This is the second Annual Report of the Australian Synchrotron. The 2008-09 year has been one in which the facility has firmly established scientific operations with nine beamlines available for general scientific user access. This, coupled with outstanding machine operation, including 98 percent beam availability, has resulted in the Australian Synchrotron being overwhelmingly embraced by the national and international scientific community. Importantly, the Australian Synchrotron reached two milestones during the period covered by this report: the third anniversary of ‘first light’ from the storage ring, and 10,000 user beam hours.

Scientific user numbers have doubled every six months. Over the past year, there have been 2,003 scientific visits from 46 institutions both here and overseas; and many more potential users have registered their interest. The national user meeting held in conjunction with the Third Asia Oceania Synchrotron Forum in December 2008 signalled consolidation of the Australian Synchrotron’s position, attracting over 300 participants from across and beyond the region.

With outcomes including 60 published papers in the first half of 2009, including some in Science and Nature, the Australian Synchrotron is fulfilling its remit for enabling high quality research spanning the scientific community. A 40% increase in staff numbers over the past year, an enviable safety record and the recent awarding of the Quality Management Standard ISO 9001:2008 have demonstrated the commitment of the Australian Synchrotron to optimising the scientific user experience. We also have a burgeoning outreach program of regular tours and classes that cater for over 600 secondary school and other visitors monthly.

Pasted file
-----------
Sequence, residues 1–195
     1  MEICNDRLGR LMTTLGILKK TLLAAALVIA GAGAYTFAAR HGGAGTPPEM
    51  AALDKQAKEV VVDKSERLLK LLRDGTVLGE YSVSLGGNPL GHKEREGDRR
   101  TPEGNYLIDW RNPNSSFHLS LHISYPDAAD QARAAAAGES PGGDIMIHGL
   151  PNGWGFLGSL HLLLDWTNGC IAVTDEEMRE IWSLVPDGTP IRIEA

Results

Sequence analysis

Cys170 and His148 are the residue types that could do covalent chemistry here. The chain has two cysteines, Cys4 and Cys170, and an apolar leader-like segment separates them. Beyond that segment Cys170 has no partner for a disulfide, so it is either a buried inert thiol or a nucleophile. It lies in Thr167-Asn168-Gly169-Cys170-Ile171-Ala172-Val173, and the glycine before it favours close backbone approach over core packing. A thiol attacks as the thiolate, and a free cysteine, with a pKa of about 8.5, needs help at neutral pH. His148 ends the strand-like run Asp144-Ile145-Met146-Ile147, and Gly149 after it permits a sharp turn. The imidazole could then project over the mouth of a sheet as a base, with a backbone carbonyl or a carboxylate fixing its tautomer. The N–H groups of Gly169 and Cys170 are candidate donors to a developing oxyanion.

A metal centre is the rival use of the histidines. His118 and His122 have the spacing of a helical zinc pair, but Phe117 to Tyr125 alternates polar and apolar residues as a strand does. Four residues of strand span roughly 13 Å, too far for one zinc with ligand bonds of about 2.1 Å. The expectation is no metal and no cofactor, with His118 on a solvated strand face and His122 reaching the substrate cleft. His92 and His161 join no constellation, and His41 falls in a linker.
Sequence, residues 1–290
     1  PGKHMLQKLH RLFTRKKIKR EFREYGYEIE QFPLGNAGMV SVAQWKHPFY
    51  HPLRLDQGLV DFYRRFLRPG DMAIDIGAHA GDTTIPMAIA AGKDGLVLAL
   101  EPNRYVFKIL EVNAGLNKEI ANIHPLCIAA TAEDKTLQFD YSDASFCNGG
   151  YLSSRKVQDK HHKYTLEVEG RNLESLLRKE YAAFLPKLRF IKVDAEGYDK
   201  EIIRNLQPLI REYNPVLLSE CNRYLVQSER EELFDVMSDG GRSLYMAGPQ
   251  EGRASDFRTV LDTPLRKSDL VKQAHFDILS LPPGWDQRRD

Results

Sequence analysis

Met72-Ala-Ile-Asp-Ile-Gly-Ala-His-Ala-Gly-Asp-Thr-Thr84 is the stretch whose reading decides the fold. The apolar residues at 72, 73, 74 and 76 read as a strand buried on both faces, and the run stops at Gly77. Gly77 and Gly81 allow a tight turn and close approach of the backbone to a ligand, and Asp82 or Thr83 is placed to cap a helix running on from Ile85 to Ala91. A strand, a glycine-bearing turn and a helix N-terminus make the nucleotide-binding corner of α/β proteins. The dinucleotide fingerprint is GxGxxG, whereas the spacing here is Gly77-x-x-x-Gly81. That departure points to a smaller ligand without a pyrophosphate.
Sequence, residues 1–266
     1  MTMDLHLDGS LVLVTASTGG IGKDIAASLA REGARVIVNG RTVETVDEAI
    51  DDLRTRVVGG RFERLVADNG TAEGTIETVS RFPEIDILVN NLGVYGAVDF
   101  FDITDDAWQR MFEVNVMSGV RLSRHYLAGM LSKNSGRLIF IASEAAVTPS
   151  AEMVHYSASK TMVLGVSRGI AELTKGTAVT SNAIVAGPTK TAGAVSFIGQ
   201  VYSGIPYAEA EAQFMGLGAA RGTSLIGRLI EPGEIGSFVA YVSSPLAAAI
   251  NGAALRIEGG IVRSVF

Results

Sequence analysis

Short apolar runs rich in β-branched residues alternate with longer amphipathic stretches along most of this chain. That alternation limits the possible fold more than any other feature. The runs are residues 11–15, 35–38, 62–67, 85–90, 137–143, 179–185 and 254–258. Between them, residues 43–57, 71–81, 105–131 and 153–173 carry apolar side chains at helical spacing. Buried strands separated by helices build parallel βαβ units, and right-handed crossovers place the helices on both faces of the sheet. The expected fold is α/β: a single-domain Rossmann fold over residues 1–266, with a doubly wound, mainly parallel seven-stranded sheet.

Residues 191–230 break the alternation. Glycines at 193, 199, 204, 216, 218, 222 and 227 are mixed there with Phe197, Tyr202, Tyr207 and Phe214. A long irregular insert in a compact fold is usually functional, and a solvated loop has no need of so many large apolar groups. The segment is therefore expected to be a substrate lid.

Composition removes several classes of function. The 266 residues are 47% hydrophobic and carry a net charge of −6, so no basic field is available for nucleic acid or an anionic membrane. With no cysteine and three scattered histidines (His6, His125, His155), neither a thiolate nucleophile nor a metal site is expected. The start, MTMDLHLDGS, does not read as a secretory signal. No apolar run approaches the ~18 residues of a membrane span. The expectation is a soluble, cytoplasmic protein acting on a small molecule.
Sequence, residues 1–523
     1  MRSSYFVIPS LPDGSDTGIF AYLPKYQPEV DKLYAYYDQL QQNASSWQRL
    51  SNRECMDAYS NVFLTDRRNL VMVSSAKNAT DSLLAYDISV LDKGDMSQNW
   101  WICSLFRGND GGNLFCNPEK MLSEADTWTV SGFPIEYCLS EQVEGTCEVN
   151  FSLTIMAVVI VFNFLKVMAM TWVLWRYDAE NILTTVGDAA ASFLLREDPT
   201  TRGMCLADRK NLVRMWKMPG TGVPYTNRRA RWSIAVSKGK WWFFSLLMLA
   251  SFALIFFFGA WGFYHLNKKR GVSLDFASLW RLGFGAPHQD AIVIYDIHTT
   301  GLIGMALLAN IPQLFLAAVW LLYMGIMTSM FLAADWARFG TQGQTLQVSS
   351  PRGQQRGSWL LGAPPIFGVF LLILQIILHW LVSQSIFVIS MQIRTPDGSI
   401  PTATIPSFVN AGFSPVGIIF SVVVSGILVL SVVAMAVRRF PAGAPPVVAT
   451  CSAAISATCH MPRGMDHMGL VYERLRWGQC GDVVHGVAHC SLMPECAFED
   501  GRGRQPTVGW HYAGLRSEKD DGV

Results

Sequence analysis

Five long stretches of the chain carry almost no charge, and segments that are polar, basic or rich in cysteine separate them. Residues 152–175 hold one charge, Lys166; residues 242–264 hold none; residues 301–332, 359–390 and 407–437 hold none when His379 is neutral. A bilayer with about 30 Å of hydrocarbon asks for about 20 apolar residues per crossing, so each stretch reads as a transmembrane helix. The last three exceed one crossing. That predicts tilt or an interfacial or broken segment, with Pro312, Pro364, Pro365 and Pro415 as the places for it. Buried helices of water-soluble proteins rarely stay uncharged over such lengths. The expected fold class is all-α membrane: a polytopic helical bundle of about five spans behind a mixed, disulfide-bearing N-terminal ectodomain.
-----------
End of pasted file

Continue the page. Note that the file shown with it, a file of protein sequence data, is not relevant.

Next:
Other notable developments include a boost of $14.7 million from the NHMRC and the Victorian state government that will see the construction of a 150-metre long Imaging and Medical beamline. Education Infrastructure Fund (EIF) funding of $37 million was confirmed in the May 2009 Federal budget and will be used to construct enhanced user facilities – accommodation block, user lounge and restaurant; improved technical facilities – engineering wing and additional laboratories; and a National Centre for Synchrotron Science to house, among other things, a community outreach facility, lecture theatre and exhibition space.

With all this in mind, we can be confident that the Australian Synchrotron is now established as a key centre for national and, increasingly, international multidisciplinary scientific research.


To download a copy of the Australian Synchrotron Annual Report 2009, click here(pdf, 1.8 MB).